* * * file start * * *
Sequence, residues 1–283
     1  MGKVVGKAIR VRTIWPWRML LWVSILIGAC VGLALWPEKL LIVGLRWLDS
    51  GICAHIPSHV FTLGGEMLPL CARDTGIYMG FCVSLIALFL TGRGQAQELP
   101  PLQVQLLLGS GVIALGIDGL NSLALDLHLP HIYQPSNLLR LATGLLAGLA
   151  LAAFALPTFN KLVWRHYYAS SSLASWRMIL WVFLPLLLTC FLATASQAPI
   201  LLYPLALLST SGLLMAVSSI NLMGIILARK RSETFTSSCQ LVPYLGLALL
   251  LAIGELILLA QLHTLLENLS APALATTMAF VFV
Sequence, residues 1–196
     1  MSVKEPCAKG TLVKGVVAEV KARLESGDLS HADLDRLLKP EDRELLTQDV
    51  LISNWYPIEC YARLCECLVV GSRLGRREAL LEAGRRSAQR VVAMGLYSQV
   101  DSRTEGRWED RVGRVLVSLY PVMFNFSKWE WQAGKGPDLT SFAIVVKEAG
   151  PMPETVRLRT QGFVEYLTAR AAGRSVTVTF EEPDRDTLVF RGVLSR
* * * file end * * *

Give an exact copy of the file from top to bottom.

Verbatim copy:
Sequence, residues 1–283
     1  MGKVVGKAIR VRTIWPWRML LWVSILIGAC VGLALWPEKL LIVGLRWLDS
    51  GICAHIPSHV FTLGGEMLPL CARDTGIYMG FCVSLIALFL TGRGQAQELP
   101  PLQVQLLLGS GVIALGIDGL NSLALDLHLP HIYQPSNLLR LATGLLAGLA
   151  LAAFALPTFN KLVWRHYYAS SSLASWRMIL WVFLPLLLTC FLATASQAPI
   201  LLYPLALLST SGLLMAVSSI NLMGIILARK RSETFTSSCQ LVPYLGLALL
   251  LAIGELILLA QLHTLLENLS APALATTMAF VFV
Sequence, residues 1–196
     1  MSVKEPCAKG TLVKGVVAEV KARLESGDLS HADLDRLLKP EDRELLTQDV
    51  LISNWYPIEC YARLCECLVV GSRLGRREAL LEAGRRSAQR VVAMGLYSQV
   101  DSRTEGRWED RVGRVLVSLY PVMFNFSKWE WQAGKGPDLT SFAIVVKEAG
   151  PMPETVRLRT QGFVEYLTAR AAGRSVTVTF EEPDRDTLVF RGVLSR